I had an interesting experience last week. I interviewed a dead man.
I know I will never win a Pulitzer with my writing, but I now envision a place in a dusty corner of Ripleys Believe It or Not. We sat down outside the locker room of a sports facility, and I started the interview this way, “So Deadman, how did you get into this predicament?”
But my first indication that he really was not that dead is during my initial phone call, he eagerly agreed to meet me anywhere in Delaware to pass along his messages. Deadman had been aware of his high blood pressure since he was a young man, and he didn’t help his situation any with some high stress situations along the way. He became overweight, smoked as well, and although a fair athlete in school, did no exercise for over four decades. Sound familiar?
Having explained his background, Deadman was adamant that we are each responsible for our own health, and he had been personally responsible for his own untimely death. He said, “No one knows your bad health habits better than you!”
I suspect by now my readers want to know the name of Deadman. He is Steve Bloodsworth of Heritage Shores near Bridgeville.After moving to Delaware, Steve decided to take responsibility for his own health and went on a diet, and became an avid walker to exercise his way back to acceptable health. Two years ago he discovered pickleball, and like many of us, found the sociability of pickleball great fun, and appreciated that the hours of exercise passed so easily.
Steve was playing pickleball one evening, felt tired, sat down to rest, and remembers nothing more. They now tell him he died. Fortunately, two of his fellow pickleballers, Kathy Lewis and Bill Edelman, saw that he was unresponsive, stretched him on the floor, called 911, and started CPR. Another player went to fetch an Automated external defibrillator (AED) only to find it locked up, then ran quite a distance to find another AED. The paramedics soon arrived and then rushed Steve to the ER at Nanticoke Hospital where they did an excellent job resuscitating him and putting him into a medically-induced coma. The doctors told his wife that the strength of his heart from his exercise regimen and pickleball had helped his resuscitation. Thirty days later, Deadman returned to the pickleball Courts.
I was taking notes furiously while Steve told me his story. Later as I reviewed my own notes from the conversation, I noticed I had scribbled on the margin, “Why why why did I eat all those potatoes chips for lunch? And that ice cream last night?”
Steve suddenly asked me if I had heart trouble. “Me? Why, do I look it?” I could suddenly feel the unattractive fat bulging over my belt, and then he slipped in a right hook by reminding me that exercise alone is not enough to lose all that weight. He got me on age as well because he then went on to add, “We all need to change our eating habits as we age.”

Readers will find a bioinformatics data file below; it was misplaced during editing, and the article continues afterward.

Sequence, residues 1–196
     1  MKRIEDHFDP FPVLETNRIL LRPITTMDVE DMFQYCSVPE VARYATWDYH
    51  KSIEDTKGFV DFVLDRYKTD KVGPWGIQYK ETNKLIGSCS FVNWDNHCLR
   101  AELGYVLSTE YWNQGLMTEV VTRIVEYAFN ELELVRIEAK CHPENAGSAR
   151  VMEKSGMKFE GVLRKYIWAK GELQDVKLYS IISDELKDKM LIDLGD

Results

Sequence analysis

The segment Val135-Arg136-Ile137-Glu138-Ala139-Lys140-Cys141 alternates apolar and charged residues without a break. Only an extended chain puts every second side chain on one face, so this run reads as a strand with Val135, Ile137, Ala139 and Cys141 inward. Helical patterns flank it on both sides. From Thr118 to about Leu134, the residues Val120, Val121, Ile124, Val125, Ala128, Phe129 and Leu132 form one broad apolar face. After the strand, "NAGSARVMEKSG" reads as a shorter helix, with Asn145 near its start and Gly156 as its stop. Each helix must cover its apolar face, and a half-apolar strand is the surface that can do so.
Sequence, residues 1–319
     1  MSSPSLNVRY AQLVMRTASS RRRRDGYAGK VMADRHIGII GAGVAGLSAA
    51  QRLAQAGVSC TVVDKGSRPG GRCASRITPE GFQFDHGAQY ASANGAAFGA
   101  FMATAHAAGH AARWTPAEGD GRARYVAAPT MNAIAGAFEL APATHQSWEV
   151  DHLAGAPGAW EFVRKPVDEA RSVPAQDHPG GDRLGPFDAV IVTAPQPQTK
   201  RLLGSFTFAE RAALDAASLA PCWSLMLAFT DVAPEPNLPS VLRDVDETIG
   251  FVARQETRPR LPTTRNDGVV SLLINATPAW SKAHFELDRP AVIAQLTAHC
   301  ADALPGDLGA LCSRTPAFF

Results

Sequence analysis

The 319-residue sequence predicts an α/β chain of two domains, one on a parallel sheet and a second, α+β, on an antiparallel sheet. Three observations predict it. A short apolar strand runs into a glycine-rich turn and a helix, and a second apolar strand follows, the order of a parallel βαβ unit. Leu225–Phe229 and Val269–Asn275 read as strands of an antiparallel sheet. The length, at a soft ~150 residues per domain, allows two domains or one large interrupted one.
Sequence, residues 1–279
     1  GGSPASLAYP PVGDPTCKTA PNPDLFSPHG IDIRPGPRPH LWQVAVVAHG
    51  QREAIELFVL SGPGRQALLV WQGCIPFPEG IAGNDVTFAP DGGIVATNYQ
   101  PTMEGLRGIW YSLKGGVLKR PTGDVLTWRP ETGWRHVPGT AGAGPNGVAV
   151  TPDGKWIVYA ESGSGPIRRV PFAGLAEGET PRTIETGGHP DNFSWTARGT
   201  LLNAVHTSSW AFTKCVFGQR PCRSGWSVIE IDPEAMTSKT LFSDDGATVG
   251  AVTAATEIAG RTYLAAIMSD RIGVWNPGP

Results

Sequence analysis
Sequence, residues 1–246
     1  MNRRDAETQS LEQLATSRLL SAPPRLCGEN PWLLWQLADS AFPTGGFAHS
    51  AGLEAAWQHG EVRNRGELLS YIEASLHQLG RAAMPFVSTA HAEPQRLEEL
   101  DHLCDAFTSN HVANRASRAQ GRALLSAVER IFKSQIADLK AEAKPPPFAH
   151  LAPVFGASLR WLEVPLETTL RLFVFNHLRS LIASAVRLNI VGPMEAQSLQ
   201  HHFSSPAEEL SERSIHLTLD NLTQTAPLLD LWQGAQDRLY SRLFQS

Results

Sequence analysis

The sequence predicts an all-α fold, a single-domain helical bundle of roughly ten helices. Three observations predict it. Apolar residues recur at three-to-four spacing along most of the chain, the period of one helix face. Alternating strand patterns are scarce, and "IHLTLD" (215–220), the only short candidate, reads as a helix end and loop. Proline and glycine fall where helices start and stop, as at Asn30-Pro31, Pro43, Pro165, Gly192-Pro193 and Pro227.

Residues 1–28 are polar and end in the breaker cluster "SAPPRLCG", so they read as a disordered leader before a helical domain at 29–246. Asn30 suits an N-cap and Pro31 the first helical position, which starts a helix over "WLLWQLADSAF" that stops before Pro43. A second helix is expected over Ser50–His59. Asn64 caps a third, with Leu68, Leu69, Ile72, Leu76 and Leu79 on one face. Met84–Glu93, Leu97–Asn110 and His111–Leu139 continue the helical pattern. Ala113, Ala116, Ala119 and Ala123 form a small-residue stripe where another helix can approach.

Deadman didn’t tell me one piece of new information during this entire interview, but the way he told me — so wonderfully happy about still being alive, is what got my attention.
His second message was also as passionate. Just because people technically know how to use First Aid equipment does not mean they will. He went on to add that many freeze in the face of emergency so he wanted to yell out a big thank you to Kathy and Bill, who did use it.
I can almost hear some reader sitting in front of the television saying to his wife, “I don’t want to get dead exercising like that Deadman guy, so turn up the volume and pass the potatoes chips.” But the real message here is that Steve, because of his own personal exercise schedule, and of proper medical attention, is alive because of his own attention to exercise, and with the prompt action of his fellow pickleballers.
Information about diet and exercise is abundantly available, but many people are not paying attention. The reason I have written in this playful format for such a serious subject is that I want you to take a copy of Coastal Point and give one, with this page flagged, to friends who need to hear these words. Deadman, Steve Bloodsworth, and I don’t care if you play pickleball, or walk along our beautiful beaches, just keep moving and exercise! And for all of us — pay attention to one another, and take immediate action when we recognize a friend who needs help.
Steve expects to do something that few dead people do — he will soon visit his son, who is a company commander in the United States Marine Corps, stationed in Hawaii, a soon to be father, and a new grandbaby for Steve! Congratulations to pickleballer Steve Bloodsworth and his family.
And it is Steve’s story, and others, that inspired me to create the first Stents versus Cs, Heart versus Cancer, team competition on June 28 at Northside Park in Ocean City. The FUN raiser for that special event will be at the beautiful Big Chill Beach Club from 4-6 p.m. on June 6.
Vaughn “The Baron” Baker is a Senior Olympics gold-medalist in pickleball, and is public relations director for the First State Pickleball Club (FSPC) and captain of the Ocean View Crew pickleball community. He spent his career working with top tennis professionals while working for Wilson Sporting Goods and introducing the Prince Tennis Racket and Wimbledon Tennis Lines. For more information, visit PickleballCoast.com.
By Vaughn Baker
Special to the Coastal Point